In my last post, I mentioned using macramé to loosen up. There are many different patterns, but I am going to show you a basic bracelet pattern. These make for awesome homemade gifts or look great stacked. Here we go:
- String (yarn or twine is okay, but is sometimes hard to work with. I use hemp cord, which you can find in the jewelry aisle of craft stores)
- Hard surface
- Beads (optional)
- Wine (optional)
The basic set-up:
- Measure about one yard* of cord and fold in half. Put a piece of tape about two inches from the top. Tape the two hanging strings near the bottom to hold in place. (This will be string “A”)
- Measure another three yards of cord and tie a knot under the tape, leaving the two hanging ends even.
- Pull the right end (string “C”) across A and underneath the left end (string “B”).
- Pull B underneath A and C.
- Pull ends to form a knot.
- Repeat the process, this time bringing B across A to the right side and pulling C through to form a knot. Continue forming knots, alternating between the right and left side.
*All measurements are approximate. 1 yard = nose to fingertip, 1 inch = middle portion of index finger.
Simply string beads on A and continue knotting.
When knotted part fits around your wrist, you’re ready to tie it off. The easiest way to do this is to knot the end around itself and use the loop as a closure, but I prefer a more finished look. Your other option is to make a sliding closure:
- Tie each end onto itself and right against the knots (on one end you will still have four strings, so tie all and trim the ends of the two shortest ones). Tie a regular knot on the ends.
- Tape the strings next to each other.
- Use a short piece of cord and make a few macramé knots (10-15) around the four strings. Tie off with two regular knots and trim the ends.
Your bracelet is ready to go! Adjust the slider to fit your wrist and tuck in the loose strings.
When I was in elementary school, my mother came home one day with a bag of old cigar boxes. She went out to the garage, tapped a nail into the top of each and tossed beads and twine inside. Then she taught my sister and I how to macramé, tying the start of each bracelet to the nail and showing us how to tie the knots and slip on beads.
The cigar boxes are long gone, but I still macramé. In the same way that athletes warm up by stretching and writers by free writing, I use macramé to loosen up before playing with wire and chain. It isn’t too tedious, so I’m able to relax and make the knots without over-thinking it.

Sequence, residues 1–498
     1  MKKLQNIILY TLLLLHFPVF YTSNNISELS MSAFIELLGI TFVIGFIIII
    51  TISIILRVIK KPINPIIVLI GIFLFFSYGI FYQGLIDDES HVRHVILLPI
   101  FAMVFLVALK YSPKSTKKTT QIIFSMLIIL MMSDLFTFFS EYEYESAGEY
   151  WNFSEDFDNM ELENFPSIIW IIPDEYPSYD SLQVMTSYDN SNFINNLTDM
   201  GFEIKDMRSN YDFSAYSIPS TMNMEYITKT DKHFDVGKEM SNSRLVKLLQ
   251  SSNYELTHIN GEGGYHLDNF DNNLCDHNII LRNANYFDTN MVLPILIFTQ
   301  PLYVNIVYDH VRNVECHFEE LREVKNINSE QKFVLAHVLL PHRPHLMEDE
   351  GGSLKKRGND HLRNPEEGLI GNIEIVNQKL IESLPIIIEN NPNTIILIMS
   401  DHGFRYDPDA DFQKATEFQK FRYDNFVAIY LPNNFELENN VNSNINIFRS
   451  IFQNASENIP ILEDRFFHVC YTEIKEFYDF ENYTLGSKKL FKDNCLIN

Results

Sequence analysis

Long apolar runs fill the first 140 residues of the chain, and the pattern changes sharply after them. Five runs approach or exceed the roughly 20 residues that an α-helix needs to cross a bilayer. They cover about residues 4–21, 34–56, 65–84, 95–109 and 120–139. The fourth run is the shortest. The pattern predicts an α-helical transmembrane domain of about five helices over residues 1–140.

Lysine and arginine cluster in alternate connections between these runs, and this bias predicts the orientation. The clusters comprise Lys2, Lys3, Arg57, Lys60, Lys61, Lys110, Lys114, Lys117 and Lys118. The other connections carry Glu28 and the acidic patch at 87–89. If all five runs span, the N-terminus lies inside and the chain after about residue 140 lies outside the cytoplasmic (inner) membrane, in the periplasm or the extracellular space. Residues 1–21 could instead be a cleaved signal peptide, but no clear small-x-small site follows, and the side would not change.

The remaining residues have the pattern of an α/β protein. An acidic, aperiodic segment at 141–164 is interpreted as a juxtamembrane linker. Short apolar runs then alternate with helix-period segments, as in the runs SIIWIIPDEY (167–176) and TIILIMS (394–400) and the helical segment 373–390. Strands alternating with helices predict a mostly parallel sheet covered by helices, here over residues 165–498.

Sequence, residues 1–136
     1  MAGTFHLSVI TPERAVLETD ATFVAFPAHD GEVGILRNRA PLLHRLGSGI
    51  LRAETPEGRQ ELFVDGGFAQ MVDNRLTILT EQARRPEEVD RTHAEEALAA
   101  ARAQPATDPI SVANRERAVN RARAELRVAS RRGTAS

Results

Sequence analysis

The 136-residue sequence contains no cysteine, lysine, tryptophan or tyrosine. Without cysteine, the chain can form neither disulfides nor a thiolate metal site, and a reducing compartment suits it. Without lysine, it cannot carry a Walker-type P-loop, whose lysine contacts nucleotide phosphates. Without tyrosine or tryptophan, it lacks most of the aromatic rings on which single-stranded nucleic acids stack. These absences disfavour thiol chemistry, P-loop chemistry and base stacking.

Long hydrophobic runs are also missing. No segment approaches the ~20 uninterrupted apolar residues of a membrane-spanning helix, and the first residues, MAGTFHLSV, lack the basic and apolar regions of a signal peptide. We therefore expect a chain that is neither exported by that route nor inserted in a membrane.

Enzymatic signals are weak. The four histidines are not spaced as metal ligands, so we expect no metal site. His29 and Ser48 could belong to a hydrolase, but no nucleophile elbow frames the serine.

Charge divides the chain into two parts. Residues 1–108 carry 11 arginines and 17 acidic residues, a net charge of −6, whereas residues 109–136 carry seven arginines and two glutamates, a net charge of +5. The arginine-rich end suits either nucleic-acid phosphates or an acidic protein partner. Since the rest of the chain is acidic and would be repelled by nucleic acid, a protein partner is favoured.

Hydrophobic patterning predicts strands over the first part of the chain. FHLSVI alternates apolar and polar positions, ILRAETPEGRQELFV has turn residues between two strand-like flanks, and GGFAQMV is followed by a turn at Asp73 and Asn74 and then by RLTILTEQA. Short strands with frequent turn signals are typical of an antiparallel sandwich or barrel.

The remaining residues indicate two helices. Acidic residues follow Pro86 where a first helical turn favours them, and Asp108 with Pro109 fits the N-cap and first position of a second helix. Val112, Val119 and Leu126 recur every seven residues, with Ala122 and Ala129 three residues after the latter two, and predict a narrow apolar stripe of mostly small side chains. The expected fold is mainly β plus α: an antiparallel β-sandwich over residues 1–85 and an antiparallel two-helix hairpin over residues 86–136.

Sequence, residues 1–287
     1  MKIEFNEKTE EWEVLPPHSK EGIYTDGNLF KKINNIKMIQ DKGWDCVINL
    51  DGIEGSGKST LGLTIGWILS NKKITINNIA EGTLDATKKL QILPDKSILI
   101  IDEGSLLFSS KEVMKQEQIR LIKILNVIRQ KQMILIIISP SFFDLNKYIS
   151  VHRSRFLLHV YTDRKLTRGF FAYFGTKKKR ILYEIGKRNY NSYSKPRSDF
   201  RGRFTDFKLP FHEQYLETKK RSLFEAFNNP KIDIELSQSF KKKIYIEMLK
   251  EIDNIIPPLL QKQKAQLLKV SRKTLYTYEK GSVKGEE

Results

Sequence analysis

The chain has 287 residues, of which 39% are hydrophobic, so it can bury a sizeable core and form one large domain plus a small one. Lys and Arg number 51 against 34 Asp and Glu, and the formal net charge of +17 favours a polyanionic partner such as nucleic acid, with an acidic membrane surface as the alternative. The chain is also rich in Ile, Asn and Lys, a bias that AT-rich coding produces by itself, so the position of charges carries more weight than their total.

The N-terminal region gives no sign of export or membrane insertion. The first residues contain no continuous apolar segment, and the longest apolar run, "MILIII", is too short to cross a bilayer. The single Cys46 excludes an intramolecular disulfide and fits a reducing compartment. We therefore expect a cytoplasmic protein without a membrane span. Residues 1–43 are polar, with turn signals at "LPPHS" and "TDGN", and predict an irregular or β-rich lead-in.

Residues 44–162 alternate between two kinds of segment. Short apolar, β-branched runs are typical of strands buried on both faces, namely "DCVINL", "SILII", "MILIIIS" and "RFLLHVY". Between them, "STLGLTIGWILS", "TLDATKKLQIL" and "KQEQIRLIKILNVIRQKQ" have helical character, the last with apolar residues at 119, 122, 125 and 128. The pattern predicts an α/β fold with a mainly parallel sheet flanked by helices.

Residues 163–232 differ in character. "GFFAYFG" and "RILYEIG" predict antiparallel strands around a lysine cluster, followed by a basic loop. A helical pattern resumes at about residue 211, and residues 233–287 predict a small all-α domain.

If you get frustrated while learning how to bead and wire wrap, take a step back and macramé. It’s easy, it’s fun and it’s cheap. Packs of cord cost around $5, and make about 1,000 bracelets (not literally, but they last a long time).
Macramé bracelets are also incredibly easy to customize. You can change the type of beads, color of the string or the braiding patterns. Check out my next post for a super simple pattern to get you started!
“That’s nice, but are you any good?”
I’ve heard this phrase many times when I tell people I make jewelry. The truth of it is that I use jewelry making to deal, not because I am good at it. The more I make, the more I feel relaxed and able to hack it.
In a world of Netflix and DVRs, it’s easy to get home and turn the TV on to feel released from the stress of the day. I admit it; I recently binge-watched all nine seasons of The Office. But studies have linked more time in front of the TV to higher odds of becoming depressed, with one study reporting rates of depression up to 8% higher in teens who watched more TV.
On the other hand, practicing some kind of creative outlet has shown to promote self-healing and even physical health. The important thing is to find something you want to do, and whether you’re good at it or not doesn’t matter.
I found jewelry making by accident. A friend—who shall remain nameless—gave me a necklace for my birthday one year and it was the gaudiest, tackiest gift I ever received. The “bones” of it were good, but the final product was terrible. I borrowed a pair of pliers and began tearing it apart, putting it back together, then tearing it apart again. I ended up with two new necklaces, a pair of earrings and a new hobby.
Not everything I make is a work of art, but the act of creating something with my own hands is worth the time and effort. The world would be a better place if more people found their creative outlet, so get out there and just do something. Carve a piece of wood. Do a jigsaw puzzle. Make a collage. Do whatever the hell you feel, and you will feel fantastic.